Back in February 2008, a friend of mine invited me to something called Lucha VaVoom playing at the Mayan Theater in downtown Los Angeles, and adamantly insisted that I wouldn’t be sorry if I came. Being the adventurous type that I am, I bought a ticket right away. With very little knowledge of what I was getting myself into, other than it had to do with wrestling (which was never my thing), I went along with it. I figured at the very least I was going to see something clever.

Boy, does it pay to be adventurous. When the show came to its glorious conclusion, and I had finished picking the pieces of my mind off the floor, I had an epiphany: Over the course of human history, many incredible triumphs have been created out of the pairing of two seemingly unrelated things. Moving images and sound. Needle and thread. Lennon and McCartney. Chocolate and peanut butter. And such is the case with the combination of Mexican wrestling (lucha libre) and burlesque dancing. That is what Lucha VaVoom is all about: sexo y violencia.

The basic structure of the show is you get masked wrestlers of all shapes and sizes fighting each other, and then in between each match there are exotically choreographed dance numbers by scantily clad women. On top of that, there are guest commentators who do comedy play-by-play on the action, some of which have been the likes of Patton Oswalt, Bobcat Goldthwait, Jeffrey Ross, Fred Armisen and Brian Posehn. It’s one of those things that is so awesome, you really need to see it to believe it. I’ve been going for three years now, and it never ceases to disappoint.

Like I said before, at no point in my life was I ever interested in wrestling. I always had respect for the physical side of it, but it just didn’t do anything for me. But all that changed. While I do have more respect for the aerobatic feats that the wrestlers are capable of in all wrestling, lucha libre is the better experience.

In regular wrestling you pretty much just get a bunch of dudes in Speedos with long hair doing more talking than fighting. A lot of the time is spent developing these boring storylines that see the wrestlers spending more time on the microphone talking trash. The fact is, in regular wrestling, the characters are just not that exciting. Lucha libre is all action.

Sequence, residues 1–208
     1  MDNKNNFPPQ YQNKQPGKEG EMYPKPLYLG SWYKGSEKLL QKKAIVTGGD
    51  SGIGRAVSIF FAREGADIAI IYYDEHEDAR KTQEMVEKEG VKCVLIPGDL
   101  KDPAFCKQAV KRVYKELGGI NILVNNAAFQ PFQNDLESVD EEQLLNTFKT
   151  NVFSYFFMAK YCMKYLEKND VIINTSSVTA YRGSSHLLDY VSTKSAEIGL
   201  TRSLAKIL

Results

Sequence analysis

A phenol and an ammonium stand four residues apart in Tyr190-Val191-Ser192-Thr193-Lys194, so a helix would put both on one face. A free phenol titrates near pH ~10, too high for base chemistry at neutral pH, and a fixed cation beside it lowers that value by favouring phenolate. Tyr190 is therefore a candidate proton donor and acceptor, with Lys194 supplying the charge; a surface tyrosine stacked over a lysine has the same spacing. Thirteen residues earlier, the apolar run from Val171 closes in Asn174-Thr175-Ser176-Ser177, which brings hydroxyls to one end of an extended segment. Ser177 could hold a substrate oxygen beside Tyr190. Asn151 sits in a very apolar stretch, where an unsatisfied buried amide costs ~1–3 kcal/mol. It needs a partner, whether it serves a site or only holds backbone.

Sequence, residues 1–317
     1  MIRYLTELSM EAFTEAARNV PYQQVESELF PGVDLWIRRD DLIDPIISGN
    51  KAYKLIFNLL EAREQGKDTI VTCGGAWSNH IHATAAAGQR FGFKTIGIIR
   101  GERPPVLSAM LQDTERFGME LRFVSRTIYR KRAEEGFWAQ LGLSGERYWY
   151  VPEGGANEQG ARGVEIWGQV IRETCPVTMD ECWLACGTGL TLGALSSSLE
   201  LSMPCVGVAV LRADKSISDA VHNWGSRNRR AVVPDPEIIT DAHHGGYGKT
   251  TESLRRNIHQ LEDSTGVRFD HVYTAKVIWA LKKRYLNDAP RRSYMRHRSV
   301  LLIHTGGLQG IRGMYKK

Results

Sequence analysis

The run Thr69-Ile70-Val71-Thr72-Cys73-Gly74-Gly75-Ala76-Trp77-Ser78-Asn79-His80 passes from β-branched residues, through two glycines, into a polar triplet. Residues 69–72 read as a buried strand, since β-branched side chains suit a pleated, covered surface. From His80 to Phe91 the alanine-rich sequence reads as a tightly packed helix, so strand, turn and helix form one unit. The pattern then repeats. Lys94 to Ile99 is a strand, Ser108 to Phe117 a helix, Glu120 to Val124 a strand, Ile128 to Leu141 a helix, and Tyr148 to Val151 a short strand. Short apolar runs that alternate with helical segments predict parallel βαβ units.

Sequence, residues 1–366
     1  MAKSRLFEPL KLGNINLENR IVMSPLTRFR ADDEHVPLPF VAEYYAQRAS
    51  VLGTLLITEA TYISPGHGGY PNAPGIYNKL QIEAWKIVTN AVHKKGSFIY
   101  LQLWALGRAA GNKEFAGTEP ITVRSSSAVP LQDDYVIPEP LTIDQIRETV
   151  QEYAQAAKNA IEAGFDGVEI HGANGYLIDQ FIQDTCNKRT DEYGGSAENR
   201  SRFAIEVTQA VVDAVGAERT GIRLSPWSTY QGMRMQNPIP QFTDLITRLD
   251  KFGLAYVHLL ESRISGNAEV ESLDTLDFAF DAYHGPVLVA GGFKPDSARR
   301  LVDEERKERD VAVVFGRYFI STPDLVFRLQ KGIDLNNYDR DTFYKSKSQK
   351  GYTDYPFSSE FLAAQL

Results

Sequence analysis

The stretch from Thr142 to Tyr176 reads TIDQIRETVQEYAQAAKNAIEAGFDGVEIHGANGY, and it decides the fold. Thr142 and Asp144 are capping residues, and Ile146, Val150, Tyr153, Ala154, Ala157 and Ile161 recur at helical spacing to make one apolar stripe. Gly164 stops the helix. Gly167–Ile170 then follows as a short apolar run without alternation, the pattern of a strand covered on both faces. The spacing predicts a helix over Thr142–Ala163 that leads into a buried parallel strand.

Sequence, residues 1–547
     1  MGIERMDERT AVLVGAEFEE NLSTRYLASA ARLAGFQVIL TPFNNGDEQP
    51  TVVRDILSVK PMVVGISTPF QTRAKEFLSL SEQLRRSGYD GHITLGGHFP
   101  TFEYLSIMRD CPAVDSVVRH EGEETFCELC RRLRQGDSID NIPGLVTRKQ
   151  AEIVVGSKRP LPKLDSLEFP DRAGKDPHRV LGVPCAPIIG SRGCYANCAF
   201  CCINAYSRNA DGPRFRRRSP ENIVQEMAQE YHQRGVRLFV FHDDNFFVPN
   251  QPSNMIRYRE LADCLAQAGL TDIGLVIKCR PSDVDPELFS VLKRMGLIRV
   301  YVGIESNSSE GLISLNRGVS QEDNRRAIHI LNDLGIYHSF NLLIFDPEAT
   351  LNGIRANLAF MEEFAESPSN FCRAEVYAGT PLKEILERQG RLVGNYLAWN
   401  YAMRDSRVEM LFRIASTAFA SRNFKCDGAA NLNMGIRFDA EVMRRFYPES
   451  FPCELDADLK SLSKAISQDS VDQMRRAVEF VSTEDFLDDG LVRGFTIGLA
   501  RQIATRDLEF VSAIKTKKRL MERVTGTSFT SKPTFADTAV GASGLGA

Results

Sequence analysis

What Lucha VaVoom delivers are the incredible characters with outrageous costumes that have become the signature of the show and keep people coming back. Each character has his/her own special mask and/or costume: There’s Chupacabra, a hulking green man with spikes running down his back; the Poubelles Twins, deadly female twin wrestlers; El Presidente, a presidential wrestler parody of Barack Obama who never fights without the help of his secret service agents; Dirty Sanchez (I’ll let you finish that one); and my personal favorites – Cassandro, the most badass cross-dressing wrestler ever, and the Crazy Chickens, men in chicken costumes that need to be seen to be believed.

On top of that, a lot of the audience (including myself) dresses up in costume while attending Lucha VaVoom. Oh, and I almost forgot. Another one of the single most awesome things about Lucha VaVoom, the Minis: Miniature wrestlers who can throw down, sometimes even better and harder than the big boys.

Now that I’ve got all that out of the way, I can get to the real point, which is to build excitement toward this year’s special Cinco De Mayo show at the Mayan Theater. Lucha VaVoom travels around the country and makes four stops a year in Los Angeles. There’s the Valentine’s Day show in February, Cino De Mayo, Summer Nacionales in June and the Halloween show.

Cinco De Mayo at Lucha VaVoom is always a blast, and if you’re considering making this your first time, you owe it to yourself. If you come and sit close to the ring, be ready to move. I may have also forgot to mention that the wrestlers come flying out into the audience.

Mayan Theater is located at 1038 S. Hill St., Downtown. For more information, visit